“Obviously, it’s a victory of substantive analysis over agency arrogance,” Ajay Bhatt, president of Friends of the Capital Crescent Trail, said Monday. “Before Montgomery County, Prince George’s County and the state continue to push this fiscally irresponsible and environmentally damaging project, we should focus on Metro’s woes.”

He said the state and the two counties that are contributing funding to the project should shift that money to help the Washington Metropolitan Area Transit Authority fix Metro and to other projects that could reduce traffic congestion in the area.

“This really is a victory for everybody,” Bhatt said.

Fitzgerald, who also serves as an attorney on the case, said in a statement the judge’s order requiring the FTA to conduct a new Supplemental Environmental Impact Statement “should provide the public with a chance to put up-to-date facts on the record.”

Leon’s decision is likely to further delay the start of construction, which was scheduled to begin late last year. A spokeswoman for the Maryland Attorney General’s Office said officials are reviewing Leon’s order before determining whether they’ll take additional legal steps. Earlier this month, Attorney General Brian Frosh requested a legal maneuver in D.C.’s federal Court of Appeals to try to force Leon to issue a ruling by June 1.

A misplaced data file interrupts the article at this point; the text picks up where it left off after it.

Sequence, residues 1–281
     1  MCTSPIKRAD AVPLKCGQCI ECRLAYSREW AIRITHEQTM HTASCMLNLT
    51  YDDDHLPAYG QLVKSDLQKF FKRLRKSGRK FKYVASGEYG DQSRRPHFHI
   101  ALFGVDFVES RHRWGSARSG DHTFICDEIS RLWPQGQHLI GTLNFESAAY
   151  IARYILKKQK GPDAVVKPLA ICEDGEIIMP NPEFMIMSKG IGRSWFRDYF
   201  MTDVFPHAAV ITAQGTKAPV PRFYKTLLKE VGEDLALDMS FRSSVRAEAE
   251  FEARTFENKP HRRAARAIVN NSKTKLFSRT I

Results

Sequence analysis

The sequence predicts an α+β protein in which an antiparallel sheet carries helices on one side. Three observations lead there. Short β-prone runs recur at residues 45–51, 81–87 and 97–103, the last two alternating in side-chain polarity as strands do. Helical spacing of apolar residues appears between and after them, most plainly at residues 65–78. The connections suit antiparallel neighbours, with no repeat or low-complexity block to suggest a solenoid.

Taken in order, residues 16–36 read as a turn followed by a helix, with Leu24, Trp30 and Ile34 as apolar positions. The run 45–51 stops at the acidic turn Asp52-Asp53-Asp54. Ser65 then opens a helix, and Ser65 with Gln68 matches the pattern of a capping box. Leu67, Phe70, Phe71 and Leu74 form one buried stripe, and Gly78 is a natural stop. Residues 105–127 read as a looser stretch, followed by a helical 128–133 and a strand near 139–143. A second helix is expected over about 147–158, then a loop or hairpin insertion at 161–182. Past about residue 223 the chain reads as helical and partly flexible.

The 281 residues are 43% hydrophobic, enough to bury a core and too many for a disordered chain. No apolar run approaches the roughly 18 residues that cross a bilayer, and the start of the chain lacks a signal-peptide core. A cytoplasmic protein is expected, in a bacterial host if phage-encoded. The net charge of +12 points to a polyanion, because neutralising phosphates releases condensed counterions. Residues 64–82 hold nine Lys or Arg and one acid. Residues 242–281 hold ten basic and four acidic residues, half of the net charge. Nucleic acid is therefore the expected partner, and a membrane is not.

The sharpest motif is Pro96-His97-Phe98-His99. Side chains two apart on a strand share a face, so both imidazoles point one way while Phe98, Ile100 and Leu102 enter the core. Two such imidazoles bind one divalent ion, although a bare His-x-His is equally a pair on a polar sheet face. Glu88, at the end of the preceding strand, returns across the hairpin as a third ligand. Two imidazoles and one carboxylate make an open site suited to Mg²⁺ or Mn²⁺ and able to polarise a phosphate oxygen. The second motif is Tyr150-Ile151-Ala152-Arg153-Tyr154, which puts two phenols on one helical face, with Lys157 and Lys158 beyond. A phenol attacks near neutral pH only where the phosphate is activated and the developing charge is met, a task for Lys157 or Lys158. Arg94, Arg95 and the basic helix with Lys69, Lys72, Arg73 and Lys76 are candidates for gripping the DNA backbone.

State officials have warned in court filings that further delay could result in losses of $13 million per month and possibly lead to the cancellation of the project. Leon previously vacated the project’s federal approval in an August ruling, preventing the state from securing $900 million in federal funding needed to pay for construction, which is expected to cost more than $2 billion.

The entire project is estimated to cost $5.6 billion over the 36-year contract with the state’s private partner—Purple Line Transit Partners—which is a group of finance and construction companies working with the state to design, build, operate and maintain the light-rail line.

The state has also estimated that it stands to lose about $800 million that’s already been spent on planning and designing the project as well as for contractual penalties that must be paid to the private partner if the project is cancelled.